Taken from the Report from the Portable Antiquities Scheme ID Number WAW-2BADEE
A Medieval (late 13th to early 14th century) seal matrix: The copper alloy seal matrix is a flat-backed type which has an integral perforated lug positioned at the 12 o’clock position. Running from the lug to the opposite edge there is a slight triangular decorative platform. The underside has the legend and device which has been cast and engraved.
The device depicts a standing figure on the left of the matrix, turning to the right, with a long sword in his right hand drawn up and stabbing a small lion to the right of the matrix. Any detail of the figures clothing is not depicted or is not visible on the matrix and the impression. Above, and to the right of the figures head there is a motif which is possibly a feather or less likely a bird. Behind the figure there is a single oak leaf. In the background, behind the long sword, there is a simplified oak tree. The lion is out of proportion in size to the figure and appears to be the size of a dog, but the long tail with an expanded terminal and the muscular body suggests it is a lion. The device is within a beaded border, but the lion and feet of the standing figure do interrupt the legend between the O and V of ROVS. The legend reads + S’ ADE · ROVS SELL CL’IC (Seal of Adam Russell, Cleric or Clerk).The surface of the matrix has an incomplete dark grey green patina. The finder initially fully covered the matrix in renaissance wax, which has been since wiped off, but there are traces of white wax remaining within the impression and around the lug. This has subsequently been professionally removed.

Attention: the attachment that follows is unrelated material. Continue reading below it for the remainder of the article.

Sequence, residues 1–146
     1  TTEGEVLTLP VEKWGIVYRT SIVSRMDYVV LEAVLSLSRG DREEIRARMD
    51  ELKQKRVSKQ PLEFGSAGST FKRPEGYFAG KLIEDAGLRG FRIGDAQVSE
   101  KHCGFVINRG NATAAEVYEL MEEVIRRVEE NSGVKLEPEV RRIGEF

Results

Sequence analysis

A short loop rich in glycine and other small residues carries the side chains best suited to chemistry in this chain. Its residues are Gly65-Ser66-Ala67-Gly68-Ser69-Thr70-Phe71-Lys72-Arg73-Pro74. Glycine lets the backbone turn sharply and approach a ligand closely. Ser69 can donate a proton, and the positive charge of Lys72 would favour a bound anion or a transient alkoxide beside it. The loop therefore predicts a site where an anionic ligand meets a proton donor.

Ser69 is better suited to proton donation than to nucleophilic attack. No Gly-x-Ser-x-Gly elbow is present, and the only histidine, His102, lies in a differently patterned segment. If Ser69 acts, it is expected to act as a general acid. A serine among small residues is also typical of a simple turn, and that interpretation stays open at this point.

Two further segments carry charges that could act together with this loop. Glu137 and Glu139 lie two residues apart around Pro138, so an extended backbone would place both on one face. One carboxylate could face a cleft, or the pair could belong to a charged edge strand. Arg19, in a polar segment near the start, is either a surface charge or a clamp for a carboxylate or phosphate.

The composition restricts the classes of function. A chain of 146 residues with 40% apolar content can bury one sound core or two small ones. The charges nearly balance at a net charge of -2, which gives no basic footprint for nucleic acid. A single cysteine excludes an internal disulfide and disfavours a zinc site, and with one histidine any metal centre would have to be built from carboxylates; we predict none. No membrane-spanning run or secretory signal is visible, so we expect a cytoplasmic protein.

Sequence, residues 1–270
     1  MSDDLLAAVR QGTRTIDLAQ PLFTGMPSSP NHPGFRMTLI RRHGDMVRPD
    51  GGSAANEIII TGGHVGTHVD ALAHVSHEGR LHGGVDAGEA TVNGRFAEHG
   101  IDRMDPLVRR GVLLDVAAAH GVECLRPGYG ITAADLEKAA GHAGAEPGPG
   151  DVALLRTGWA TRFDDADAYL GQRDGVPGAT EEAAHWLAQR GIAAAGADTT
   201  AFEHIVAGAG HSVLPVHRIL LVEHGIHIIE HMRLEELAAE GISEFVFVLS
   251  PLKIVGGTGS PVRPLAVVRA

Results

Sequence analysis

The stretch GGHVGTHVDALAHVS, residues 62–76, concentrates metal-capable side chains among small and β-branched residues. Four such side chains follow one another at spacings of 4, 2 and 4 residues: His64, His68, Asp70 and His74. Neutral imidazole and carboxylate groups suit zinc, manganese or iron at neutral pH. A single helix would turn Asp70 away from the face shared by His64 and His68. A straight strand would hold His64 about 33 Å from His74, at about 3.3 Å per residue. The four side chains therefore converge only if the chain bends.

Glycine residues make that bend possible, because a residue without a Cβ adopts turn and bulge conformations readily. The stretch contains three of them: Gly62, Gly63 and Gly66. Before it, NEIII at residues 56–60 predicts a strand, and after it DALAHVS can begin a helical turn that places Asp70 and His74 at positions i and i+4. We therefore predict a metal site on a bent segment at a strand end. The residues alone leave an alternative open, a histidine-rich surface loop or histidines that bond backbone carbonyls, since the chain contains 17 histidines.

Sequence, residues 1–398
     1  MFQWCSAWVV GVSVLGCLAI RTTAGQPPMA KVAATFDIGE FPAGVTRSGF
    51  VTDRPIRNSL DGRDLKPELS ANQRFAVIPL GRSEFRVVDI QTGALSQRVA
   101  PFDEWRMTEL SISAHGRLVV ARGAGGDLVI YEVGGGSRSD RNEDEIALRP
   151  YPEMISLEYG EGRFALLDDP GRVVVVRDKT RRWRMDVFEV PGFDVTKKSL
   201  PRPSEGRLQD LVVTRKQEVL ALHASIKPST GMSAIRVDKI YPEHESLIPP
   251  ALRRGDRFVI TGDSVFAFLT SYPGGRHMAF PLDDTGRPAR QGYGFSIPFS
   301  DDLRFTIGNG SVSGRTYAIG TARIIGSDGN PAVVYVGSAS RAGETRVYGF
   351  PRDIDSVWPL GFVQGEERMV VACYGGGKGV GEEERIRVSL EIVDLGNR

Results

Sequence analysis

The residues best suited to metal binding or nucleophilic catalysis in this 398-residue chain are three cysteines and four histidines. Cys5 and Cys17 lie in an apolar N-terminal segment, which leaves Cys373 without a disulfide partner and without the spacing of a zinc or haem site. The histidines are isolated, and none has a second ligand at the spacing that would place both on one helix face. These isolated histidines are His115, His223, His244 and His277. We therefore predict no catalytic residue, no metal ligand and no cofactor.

The matrix measures 22.48mm diameter, 9.06mm thick at the leg and weighs 7.76g.
Based on the size of the matrix and the more elaborate device design the matrix dates to the late 13th to early 14th century. Seal matrices in the 13th century tend to be larger, measuring between 35 and 40 mm and 14th century matrices become smaller and more simplistic, and measuring 10 to 15mm (Harvey and McGuinness, 1996, pp.79-88).
(March 2016) Dr. Malcom Jones (pers comm) comments… ‘As the recorder notes, if the animal is a lion it’s not to scale, being very small, dog-size. It also has a prominent long tail. I suggest it is meant to be a fox, so in effect this is a rebus-seal, ME ‘russel, russell,’ etc. being a diminutive of ‘red’, and used as a proper name of the fox, for example Chaucer’s “Daun Russell” in his Nun’s Priest’s Tale.’ Jones (2020 pers comm) further adds that a seal in the NA [E 40/11960] depicting a fox running off with a bird in its jaws and slung over its shoulder is that of Sir James Russell, legend “s’ iacobi rvssel”. It is dated c. AD1273.
Inscription: + S’ ADE · ROVS SELL CL’IC